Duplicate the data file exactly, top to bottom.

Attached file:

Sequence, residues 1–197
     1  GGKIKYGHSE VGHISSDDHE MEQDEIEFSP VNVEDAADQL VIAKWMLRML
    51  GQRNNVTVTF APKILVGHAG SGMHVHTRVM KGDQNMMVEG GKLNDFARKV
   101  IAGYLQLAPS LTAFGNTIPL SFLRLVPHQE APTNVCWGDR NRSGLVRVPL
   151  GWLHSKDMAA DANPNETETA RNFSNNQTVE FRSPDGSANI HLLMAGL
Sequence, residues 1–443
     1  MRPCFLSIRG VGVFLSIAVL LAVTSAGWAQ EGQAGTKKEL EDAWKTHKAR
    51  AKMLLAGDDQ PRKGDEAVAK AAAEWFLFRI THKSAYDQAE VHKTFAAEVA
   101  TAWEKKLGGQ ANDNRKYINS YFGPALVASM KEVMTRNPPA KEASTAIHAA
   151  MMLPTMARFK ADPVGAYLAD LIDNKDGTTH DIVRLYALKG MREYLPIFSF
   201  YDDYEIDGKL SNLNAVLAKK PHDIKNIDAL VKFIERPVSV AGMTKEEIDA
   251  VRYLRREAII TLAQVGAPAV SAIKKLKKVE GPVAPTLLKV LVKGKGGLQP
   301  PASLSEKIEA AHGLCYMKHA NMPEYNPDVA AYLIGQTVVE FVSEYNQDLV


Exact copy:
Sequence, residues 1–197
     1  GGKIKYGHSE VGHISSDDHE MEQDEIEFSP VNVEDAADQL VIAKWMLRML
    51  GQRNNVTVTF APKILVGHAG SGMHVHTRVM KGDQNMMVEG GKLNDFARKV
   101  IAGYLQLAPS LTAFGNTIPL SFLRLVPHQE APTNVCWGDR NRSGLVRVPL
   151  GWLHSKDMAA DANPNETETA RNFSNNQTVE FRSPDGSANI HLLMAGL
Sequence, residues 1–443
     1  MRPCFLSIRG VGVFLSIAVL LAVTSAGWAQ EGQAGTKKEL EDAWKTHKAR
    51  AKMLLAGDDQ PRKGDEAVAK AAAEWFLFRI THKSAYDQAE VHKTFAAEVA
   101  TAWEKKLGGQ ANDNRKYINS YFGPALVASM KEVMTRNPPA KEASTAIHAA
   151  MMLPTMARFK ADPVGAYLAD LIDNKDGTTH DIVRLYALKG MREYLPIFSF
   201  YDDYEIDGKL SNLNAVLAKK PHDIKNIDAL VKFIERPVSV AGMTKEEIDA
   251  VRYLRREAII TLAQVGAPAV SAIKKLKKVE GPVAPTLLKV LVKGKGGLQP
   301  PASLSEKIEA AHGLCYMKHA NMPEYNPDVA AYLIGQTVVE FVSEYNQDLV